Tonkotsu ramen, and the things we leave to the experts.
Adapted from: the specialty dish of Fukuoka, Japan.
One of the defining aspects of my personality, something that has followed me like a shadow throughout my life, is that I set arbitrarily challenges for myself. They are often moderately ascetic, like doing the Whole 30, or writing a novella for National Novel Writing Month at night, or not shopping for a year. I do a lot of things to prove to myself that I can. In the words of my osteopath, the first time we met: “You like hardship!” Consider me read.
This character trait manifests often in my home cooking life. I follow novelty like the sun and love a project, which often results in spending a whole day in the kitchen testing recipes and tearing my hair out. Add to this mental pressure cooker the delusional need to to succeed on my first try, because it’s unlikely I’ll make the same thing twice. I don’t know why the universe made me like this.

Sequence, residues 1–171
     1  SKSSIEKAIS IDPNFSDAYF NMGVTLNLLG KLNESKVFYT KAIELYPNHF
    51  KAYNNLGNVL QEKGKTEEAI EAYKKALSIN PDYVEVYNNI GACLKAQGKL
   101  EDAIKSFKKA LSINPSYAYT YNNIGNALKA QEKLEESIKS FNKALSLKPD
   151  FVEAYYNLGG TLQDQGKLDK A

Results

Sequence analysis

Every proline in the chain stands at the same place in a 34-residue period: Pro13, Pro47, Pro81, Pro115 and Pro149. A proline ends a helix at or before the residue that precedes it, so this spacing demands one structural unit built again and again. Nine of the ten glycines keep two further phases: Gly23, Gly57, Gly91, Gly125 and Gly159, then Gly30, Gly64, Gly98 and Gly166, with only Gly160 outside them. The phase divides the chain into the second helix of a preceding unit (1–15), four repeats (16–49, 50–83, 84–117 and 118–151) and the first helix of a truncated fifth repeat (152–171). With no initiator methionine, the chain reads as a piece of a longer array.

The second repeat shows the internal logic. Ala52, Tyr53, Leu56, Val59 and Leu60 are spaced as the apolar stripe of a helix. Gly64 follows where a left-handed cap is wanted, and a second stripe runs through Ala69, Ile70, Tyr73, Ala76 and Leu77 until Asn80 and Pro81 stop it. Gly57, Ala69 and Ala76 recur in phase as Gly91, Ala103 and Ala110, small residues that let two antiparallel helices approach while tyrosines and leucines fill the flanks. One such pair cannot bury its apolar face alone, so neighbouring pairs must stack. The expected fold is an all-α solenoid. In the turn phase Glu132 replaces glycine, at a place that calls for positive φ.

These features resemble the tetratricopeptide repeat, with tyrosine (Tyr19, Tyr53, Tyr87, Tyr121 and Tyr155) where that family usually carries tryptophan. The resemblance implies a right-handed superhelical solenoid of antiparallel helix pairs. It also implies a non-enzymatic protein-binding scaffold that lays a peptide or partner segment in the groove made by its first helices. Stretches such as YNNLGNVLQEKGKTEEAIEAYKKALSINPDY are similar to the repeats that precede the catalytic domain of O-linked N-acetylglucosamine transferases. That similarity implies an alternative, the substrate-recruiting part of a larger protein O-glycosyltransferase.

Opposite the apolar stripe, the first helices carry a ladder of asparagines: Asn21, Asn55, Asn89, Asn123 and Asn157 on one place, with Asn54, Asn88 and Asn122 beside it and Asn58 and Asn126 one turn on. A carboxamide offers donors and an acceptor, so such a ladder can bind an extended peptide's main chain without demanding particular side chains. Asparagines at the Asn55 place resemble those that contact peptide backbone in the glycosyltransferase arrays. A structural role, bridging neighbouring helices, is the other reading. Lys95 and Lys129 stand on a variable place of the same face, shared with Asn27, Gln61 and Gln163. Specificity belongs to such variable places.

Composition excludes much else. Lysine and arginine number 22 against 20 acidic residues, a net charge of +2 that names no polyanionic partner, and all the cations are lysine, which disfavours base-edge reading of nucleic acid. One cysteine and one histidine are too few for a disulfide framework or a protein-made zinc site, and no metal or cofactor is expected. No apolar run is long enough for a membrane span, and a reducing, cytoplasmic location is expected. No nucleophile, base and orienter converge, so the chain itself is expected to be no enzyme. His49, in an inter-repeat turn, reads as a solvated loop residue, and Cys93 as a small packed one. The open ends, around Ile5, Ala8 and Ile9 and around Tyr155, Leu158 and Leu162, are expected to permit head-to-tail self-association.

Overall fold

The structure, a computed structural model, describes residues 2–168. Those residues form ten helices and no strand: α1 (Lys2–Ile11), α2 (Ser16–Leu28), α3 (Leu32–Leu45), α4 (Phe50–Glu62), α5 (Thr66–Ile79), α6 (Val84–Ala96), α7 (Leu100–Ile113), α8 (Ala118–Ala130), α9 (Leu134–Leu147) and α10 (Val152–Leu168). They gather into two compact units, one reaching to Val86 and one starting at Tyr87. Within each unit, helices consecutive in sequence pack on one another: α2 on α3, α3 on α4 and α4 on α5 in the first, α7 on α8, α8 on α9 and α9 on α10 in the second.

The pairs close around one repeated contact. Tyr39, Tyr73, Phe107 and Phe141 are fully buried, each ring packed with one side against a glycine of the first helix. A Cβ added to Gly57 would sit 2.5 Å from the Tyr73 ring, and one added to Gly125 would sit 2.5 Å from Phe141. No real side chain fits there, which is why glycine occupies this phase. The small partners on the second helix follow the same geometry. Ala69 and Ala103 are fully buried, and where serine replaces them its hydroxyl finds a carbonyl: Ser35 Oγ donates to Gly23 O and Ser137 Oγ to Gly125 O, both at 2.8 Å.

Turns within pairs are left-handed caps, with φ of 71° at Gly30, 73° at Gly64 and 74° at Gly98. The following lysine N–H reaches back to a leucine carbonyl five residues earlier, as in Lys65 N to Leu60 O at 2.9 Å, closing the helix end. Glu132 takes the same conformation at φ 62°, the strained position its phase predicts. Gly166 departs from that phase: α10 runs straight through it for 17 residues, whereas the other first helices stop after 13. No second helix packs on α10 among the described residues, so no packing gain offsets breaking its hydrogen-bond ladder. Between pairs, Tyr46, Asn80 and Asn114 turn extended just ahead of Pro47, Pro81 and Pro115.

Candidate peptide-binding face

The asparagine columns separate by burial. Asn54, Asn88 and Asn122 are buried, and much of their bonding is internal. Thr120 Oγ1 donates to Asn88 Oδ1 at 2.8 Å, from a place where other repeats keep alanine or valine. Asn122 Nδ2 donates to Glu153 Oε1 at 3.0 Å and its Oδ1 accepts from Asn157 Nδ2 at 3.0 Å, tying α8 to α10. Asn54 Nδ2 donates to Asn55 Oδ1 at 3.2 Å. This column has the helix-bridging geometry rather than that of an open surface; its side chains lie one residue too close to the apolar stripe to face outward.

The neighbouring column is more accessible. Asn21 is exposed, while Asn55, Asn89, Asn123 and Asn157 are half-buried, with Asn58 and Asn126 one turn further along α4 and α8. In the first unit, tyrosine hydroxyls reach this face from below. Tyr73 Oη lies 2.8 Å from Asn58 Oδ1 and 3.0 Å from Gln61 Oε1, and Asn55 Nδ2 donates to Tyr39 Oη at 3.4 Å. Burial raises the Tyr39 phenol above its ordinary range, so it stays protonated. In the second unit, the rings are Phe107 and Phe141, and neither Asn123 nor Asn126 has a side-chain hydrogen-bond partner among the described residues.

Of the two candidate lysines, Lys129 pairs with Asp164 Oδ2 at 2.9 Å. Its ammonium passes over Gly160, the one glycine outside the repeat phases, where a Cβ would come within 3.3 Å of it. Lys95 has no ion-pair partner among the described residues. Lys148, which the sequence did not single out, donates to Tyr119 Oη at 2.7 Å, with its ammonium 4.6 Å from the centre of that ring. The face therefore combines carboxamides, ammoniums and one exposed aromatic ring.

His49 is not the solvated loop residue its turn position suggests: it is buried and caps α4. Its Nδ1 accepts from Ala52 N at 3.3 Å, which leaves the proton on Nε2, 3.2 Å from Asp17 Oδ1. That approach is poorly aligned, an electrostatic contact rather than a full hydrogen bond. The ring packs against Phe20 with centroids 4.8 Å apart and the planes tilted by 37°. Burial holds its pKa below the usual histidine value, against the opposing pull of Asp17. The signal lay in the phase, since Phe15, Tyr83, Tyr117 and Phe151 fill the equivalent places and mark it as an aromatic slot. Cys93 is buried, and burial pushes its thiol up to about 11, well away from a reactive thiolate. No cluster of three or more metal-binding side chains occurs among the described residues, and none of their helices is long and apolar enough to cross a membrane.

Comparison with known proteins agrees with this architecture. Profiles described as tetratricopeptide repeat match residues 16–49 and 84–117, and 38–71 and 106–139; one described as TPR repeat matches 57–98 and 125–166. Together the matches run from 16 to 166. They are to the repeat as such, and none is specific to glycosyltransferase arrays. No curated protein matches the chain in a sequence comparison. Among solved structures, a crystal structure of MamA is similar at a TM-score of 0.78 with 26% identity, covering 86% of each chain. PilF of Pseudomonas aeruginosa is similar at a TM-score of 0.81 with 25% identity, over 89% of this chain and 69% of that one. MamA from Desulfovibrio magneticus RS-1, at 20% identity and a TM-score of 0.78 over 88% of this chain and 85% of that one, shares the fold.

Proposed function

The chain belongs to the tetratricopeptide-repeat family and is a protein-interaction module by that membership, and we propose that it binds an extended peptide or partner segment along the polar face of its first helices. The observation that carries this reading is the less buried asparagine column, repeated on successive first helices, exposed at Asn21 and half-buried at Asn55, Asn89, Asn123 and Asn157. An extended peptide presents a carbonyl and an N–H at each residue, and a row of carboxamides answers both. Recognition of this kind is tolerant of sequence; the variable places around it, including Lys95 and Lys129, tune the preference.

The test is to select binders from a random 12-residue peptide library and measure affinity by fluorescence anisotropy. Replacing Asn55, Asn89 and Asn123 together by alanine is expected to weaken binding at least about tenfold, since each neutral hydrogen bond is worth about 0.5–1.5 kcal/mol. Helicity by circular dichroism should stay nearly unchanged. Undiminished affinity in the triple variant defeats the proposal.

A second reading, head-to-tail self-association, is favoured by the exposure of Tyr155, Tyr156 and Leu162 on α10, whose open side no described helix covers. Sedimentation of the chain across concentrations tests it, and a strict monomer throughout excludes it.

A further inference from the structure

A few weeks ago, I make tonkotsu ramen for the first and last time. Ramen had always been on my cooking bucket list, like pho (to come), something to make once so that I could justify paying others for it moving forward. Between making the cha shu (braised pork belly), nitamago (soft-boiled egg), and boiling down bones for the broth (6 and some hours), it spanned two days, and that’s only because I refused to devote another day to the process and cut the whole thing short. Most tonkotsu broths are simmered for 12+ hours, some up to three days. I am all for doing things the way they should be done, but there are limits to my masochism.